Once upon a time, I had a job that paid six figures. I hated the job, in part because it was actually killing me. (Everything from acid reflux to high blood pressure. Lack of sleep. Headaches.) But even when I was making six figures I had the sense not to sign up for the insane mortgages that I was offered. I drove an old car. (It was a typical corporate sedan, with leather interior, but it was 8 years old when I left that job.) I lived within my means, and I saved money - not just in my 401K.
Oh, I had a house, of course. 3 bedrooms. 3 bathrooms. Fireplace in the living room. Fireplace in the family room. Wet bar in the family room. A separate room for a pool table. (Somehow, I never bought a pool table.) It didn't make me happy. In fact I came to hate that house even after I had remodeled most of it.
When I live on my boat, I have about the space I had in my old kitchen. But that space includes 2 sleeping compartments, a head (bathroom to you land-lovers) a galley and a salon (or saloon - depends on where you are from - which is a living room to you land-lovers). That space also includes a diesel engine, fuel tank, water tanks, black-water holding tank and associated pumps. Not to mention all of the sailing paraphernalia - like life vests, flares, navigation equipment and charts etc. It was much better than the house.
The overall length is 37 feet, at its widest it is 11 feet, 9 inches. Not a lot of space, but more than enough for 1 person. All the way forward is anchor storage, followed by a v-berth. (In theory this is for 2 people and it does work if you are prepared to be cozy.) Next is a head with a shower to starboard, with a hanging locker and sink to port. Then the salon with aft-facing navigation table and two settees. Galley to starboard with 2-burner stove, double sink and icebox - now converted to refrigeration. The quarterberth cabin is to port. Fuel is stored under the quaterberth. Water under the settees. Holding tank is under part of the v-berth. Engine is under the cockpit. Water heater is also under the cockpit.Why was it better than the house?
One. It was paid for with cash. As most of the people who entered foreclosure have discovered, having a loan can be a problem. I still pay rent on a boat slip, and it is too much, but I have the option of moving to a less expensive place.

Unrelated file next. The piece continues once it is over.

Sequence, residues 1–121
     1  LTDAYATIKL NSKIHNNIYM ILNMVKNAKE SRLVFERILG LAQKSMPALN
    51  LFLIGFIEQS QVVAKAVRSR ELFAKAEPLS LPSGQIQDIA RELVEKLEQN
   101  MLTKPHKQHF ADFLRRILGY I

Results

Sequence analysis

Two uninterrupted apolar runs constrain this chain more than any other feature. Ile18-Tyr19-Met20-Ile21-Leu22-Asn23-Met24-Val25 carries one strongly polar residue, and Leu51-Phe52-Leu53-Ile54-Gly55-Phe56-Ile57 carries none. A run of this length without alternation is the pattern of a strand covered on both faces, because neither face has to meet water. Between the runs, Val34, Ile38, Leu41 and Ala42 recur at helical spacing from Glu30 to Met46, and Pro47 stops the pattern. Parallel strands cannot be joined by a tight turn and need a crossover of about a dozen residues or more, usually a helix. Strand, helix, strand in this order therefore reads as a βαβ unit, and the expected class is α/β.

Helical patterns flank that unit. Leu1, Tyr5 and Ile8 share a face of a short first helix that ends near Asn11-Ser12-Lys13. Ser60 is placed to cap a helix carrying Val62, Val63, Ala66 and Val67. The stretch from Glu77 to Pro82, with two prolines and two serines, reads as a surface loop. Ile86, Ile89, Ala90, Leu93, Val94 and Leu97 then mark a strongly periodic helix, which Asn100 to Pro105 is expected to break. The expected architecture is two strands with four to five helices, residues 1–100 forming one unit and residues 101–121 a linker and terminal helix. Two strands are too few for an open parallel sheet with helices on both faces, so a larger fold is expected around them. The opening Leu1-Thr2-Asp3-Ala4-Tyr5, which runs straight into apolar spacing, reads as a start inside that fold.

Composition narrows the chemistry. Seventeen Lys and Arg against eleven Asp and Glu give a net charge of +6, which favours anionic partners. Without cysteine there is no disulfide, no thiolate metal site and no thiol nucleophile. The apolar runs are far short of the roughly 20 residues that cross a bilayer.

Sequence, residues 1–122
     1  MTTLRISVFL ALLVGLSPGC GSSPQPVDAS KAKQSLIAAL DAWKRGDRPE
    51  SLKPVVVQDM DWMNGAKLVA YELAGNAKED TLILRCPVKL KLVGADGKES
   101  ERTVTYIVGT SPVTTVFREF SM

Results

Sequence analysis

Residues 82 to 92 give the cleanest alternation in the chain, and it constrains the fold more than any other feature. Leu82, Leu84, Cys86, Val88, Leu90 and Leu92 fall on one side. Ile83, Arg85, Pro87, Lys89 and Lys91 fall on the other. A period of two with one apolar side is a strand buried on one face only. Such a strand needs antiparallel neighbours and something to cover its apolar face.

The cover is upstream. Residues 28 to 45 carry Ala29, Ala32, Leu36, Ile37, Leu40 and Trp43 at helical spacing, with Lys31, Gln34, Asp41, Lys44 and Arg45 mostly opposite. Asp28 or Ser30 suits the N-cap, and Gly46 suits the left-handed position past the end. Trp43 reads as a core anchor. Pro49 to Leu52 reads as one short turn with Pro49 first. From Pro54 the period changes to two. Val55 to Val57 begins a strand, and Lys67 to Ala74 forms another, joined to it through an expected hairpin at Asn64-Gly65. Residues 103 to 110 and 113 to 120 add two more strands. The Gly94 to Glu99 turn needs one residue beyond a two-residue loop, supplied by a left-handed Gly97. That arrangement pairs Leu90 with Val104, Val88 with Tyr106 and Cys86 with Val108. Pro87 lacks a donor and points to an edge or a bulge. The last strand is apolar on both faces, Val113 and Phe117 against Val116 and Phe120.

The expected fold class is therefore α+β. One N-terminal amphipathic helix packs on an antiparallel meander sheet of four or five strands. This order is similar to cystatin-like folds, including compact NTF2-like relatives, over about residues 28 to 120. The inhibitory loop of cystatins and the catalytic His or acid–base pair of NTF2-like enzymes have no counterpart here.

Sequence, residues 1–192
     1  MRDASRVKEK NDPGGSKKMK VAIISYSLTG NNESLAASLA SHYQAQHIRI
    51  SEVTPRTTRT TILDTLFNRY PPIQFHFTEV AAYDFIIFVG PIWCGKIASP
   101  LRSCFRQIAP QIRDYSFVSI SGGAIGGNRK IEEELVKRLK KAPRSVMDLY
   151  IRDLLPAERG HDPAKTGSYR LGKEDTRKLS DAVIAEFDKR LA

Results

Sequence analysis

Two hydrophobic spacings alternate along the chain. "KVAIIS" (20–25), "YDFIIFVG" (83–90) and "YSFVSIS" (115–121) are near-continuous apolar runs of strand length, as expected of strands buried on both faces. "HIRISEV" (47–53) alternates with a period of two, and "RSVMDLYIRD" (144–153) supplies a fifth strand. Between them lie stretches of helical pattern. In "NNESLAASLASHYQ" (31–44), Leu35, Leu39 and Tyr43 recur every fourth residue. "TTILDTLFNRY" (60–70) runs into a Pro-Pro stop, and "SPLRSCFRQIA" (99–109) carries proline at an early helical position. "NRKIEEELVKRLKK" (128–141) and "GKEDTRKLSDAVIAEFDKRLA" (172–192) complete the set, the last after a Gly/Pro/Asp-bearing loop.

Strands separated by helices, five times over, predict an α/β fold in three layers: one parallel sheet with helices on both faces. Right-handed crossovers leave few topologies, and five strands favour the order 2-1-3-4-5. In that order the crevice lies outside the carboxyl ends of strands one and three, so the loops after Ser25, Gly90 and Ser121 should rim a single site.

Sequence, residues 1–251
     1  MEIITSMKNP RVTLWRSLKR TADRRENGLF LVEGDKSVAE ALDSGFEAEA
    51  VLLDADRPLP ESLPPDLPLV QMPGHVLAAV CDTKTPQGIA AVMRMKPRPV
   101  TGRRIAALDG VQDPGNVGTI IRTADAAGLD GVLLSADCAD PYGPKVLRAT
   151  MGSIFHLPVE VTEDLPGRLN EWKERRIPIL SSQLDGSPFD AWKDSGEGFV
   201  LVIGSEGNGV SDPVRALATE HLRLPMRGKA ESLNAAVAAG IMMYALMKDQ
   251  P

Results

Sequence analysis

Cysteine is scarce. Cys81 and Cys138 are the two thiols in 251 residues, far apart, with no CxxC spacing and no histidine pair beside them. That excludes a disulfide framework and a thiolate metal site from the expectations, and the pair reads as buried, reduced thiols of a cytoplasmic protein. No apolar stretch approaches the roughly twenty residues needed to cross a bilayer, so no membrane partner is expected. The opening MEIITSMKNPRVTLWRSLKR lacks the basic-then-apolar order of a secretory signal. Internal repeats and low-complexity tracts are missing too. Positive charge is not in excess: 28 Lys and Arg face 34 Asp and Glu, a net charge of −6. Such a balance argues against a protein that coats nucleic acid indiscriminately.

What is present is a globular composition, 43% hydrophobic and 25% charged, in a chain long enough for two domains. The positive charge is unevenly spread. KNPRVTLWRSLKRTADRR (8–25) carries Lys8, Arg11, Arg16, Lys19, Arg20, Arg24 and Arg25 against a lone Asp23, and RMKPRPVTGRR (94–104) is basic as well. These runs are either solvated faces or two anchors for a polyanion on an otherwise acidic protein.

Two. How much room does one person need? I didn't need 3 bedrooms. (For a part of that time, I had a friend living in one of the other rooms - she lost her lease on a condo suddenly.) I never bought a pool table, and didn't use that space for anything - not even storage. I never used the fireplaces and only used the formal dining room once and that was for a wine tasting.
Incidentally, paying cash for purchases, even large purchases like a boat or a car, used to be a cornerstone of American life. Don't have the money for a car? Open a new savings account and every month make a car payment to that account. In 4 years you will be able to pay cash for a new car (I never buy new cars, but that is another story.) And it will cost you significantly less than if you finance. Do you even know how much the finance charges on your car loan cost? I didn't think so.
People always say - egged on by real estate agents - that "Their home is their biggest investment." However, from an accounting point of view, there are really only assets and liabilities. And as all these people in foreclosure have discovered, a property that does not generate income - like your primary residence - is only a liability. (How long could you pay your mortgage if you lost your job?)
But the houses are getting bigger, even as the families are getting smaller. People are spending more time at work, and having less time for the things that really matter. When was the last time you had a group of friends over for dinner? A holiday? The Super Bowl probably doesn't count. How much time do you spend with family? What is really important? A big house, or a home? Family and friends or that corner office? And don't laugh, I have seen people answer that question with "the corner office." You won't wish you spent more time at work when you reach the end of your life. Have you decided what the imporant things in your life are?
The American Dream used to involve things like self-reliance, meeting new challenges, making something of yourself. Do you think the frontier got settled by people looking for better kitchens or a bigger master-bedroom suite? Do you think this country was built by people who worried about the color of paint on the kitchen walls? The dream used to involve things like standing on your own, making your way in the world. The religious would worry about using their talents for the betterment of society. Today the American Dream seems to be about how much stuff you can get, how much stuff you can get from government, and sticking it to "The Rich." Or can you get the most amount of money with the least amount of work. Do you think the people busting sod on the frontier were worried about how big their log cabin was, or do you think they left "home" (whether that was the east coast or the Old World) because they were looking for an easy time of it?
I think we have reached that stage in the evolution of societies, that in the Roman Empire is usually referred to as "bread and circuses." We spend more time worrying about Britney or Lindsay than we do about the standing of the dollar internationally. We spend more time understanding the stats surrounding baseball or NASCAR than we do understanding the investment options for our 401Ks. We spend more time with "Survivor" or "American Idol" than we do with family or friends.
We've traded the dream of independence for the dream of easy credit. Instead of taking responsibility for ourselves and our actions, we lay blame on everyone around us. (It isn't my fault I signed up for a mortgage I can't afford, it is the eeeevil bankers fault.) From my perspective, that isn't much of a dream.